8 comments:

Mike Madison said...

I'll redirect my HT to the person who pointed me to the opinion: C.E. Petit of Scrivener's Error.

William Patry said...

Indeed, thanks as always Dr. P.

Fred von Lohmann said...

While I see the logic in your view, Bill, do you think it can be easily conveyed to a jury via instructions that are something less than an introduction to copyright law?

I've always suspected that the "virtual identity" test is the court's way of recognizing how difficult it is for a lay person to separate the "expression" from the unprotected elements from a predominantly factual compilation, then apply a "substantial similarity" test.

William Patry said...

Hi Fred, I will try and track down the jury's instructions.

joshua wattles said...

In the abstract, Prof. Patry, you are right. But in application where there is a robust population of copyrightable subject matter a substantial similarity in infringement is different from circumstances where the subject matter is "thin." The language itself makes this clear. If you take an inch of something 12 inches wide the taking is substantial and presumably similar. If you take one twelfth of an inch of something just one inch wide, it is easy to see that a jury would consider the taking less substantial even though proportionally identical. It is possible for something to be so thin as to never be credible as substantial at all.

William Patry said...

I like both thin crust and deep dish pizza. But whether I have pigged out will depend on how much I eat of each and will vary according to the size of each. A two inch deep dish may be less than a 16 inch thin crust. My point is that each case has to be decided on its facts rather than abstract tests that say all thin crust pizzas have to be eaten in their entirety before you pig out, while deep dish pizzas can always lead to piggery. I think juries can understand that.

Valerie Robbins said...

This case intrigued me from the beginning. I don’t share the same views as Williams main article, but I do agreed with his statement in a later blog “that each case has to be decided on its facts”. So I first want to go back and look at the facts.

1st the BUCNET service is a computer program for Yacht Brokers so they could place vessels that they have for sale and share their listings with the other Yacht Brokers. It is my understanding after narrowing down what BUCNET was actually trying to protect, it came down to the selection of information and the order in which the information was displayed.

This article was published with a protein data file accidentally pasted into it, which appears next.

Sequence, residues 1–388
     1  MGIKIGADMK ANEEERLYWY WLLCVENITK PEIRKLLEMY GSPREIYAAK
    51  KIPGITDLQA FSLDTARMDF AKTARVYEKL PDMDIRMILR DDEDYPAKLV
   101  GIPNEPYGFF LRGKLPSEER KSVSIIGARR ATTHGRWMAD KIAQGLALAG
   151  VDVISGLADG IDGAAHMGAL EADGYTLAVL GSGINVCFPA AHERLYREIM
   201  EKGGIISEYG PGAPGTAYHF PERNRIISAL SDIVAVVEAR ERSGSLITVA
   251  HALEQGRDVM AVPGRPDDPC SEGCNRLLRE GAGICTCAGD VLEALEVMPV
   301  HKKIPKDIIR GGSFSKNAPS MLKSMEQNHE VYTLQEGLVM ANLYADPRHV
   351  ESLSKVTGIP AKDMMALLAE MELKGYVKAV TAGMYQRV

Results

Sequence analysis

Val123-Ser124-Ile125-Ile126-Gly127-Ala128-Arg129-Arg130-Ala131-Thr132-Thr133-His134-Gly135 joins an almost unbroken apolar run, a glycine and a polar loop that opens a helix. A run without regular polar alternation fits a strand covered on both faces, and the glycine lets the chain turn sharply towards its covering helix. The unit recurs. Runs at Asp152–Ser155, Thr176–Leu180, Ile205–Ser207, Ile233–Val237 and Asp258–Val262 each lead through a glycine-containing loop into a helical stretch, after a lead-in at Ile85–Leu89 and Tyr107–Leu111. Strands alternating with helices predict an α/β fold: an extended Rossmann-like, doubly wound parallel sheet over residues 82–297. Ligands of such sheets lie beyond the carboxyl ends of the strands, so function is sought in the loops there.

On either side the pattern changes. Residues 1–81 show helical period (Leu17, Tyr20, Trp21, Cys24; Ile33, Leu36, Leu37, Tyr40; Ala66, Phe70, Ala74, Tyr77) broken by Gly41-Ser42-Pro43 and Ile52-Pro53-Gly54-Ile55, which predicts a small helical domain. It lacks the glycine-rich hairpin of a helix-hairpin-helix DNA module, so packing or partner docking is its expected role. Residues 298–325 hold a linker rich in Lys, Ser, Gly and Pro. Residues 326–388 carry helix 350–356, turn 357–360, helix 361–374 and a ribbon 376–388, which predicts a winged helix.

After reviewing this case it’s clear that it was the brokers who collected the information, wrote about each section of a yacht and proceeded to enter their information, that they collected and wrote, onto the BUCNET multiple listing system.

Then we have the defendant, which created a similar product. They asked brokers to join their system. As many brokers joined multiple systems they started to join the defendants system. As the brokers joined they took their listing and copied it into the defendants system, in some cases they were copied from the brokers personal documents, other MLS’s and in some cases from the Plaintiffs print outs.

After reviewing the listings side by side they are formatted differently, however the main section of the listings is very similar. Now, if “Facts” are not copyrightable, and it is the broker who describes each aspect of a vessel, then the information is purely non-copyrightable material. In this case BUCNET claims only the selection, order and layout as copyrightable. But here is where it gets gray, if the broker does not enter something such as the year of the vessel, or a section or room within the vessel, then that information does not get displayed. Wouldn’t it be reasonable then to determine that it is the broker who determines the selection and the information that will be displayed, not the Plaintiffs’ multiple listing system? And if the broker had the ability to change the order of the information displayed, then it would be reasonable to believe that it was the brokers who selected the order, regardless if the broker felt the system default order was fine? After reviewing all the facts it seems the only thing BUCNET could claim is the visual look of the layout. If that was different then I could not see where BUCNET had any creativity in the selection, order and layout.

Copyright protection of a compilation is the least protected because of its grayness and rightfully so. So, in this case, the facts justify a higher standard of similarity; Virtually Identical. I believe the 11th circuit erred in their decision. They should have accepted the oral objections from the defendants’ lawyers, but instead stated that the attorneys did not submit their objection in writing and give a formal proposal of how the jury instruction should have read.

William Patry said...

Thanks Valerie, for you thoughtful comments. The thrust of my post was on the standard to be used for infringement of compilations, and much less on whether this particular compilation was infringed. On the particular infringement, I had treated the broker as providing the uncopyrightable facts, and plaintiff the selection, coordination, or arrangement of those facts. I don't think that analysis is changed by whether the broker chooses to include this fact or not that fact, but it would change (for me) is the brokers also dictated the final format of the compilation. I had assumed that plaintiff had a fairly settled format into which the brokers' information was plugged.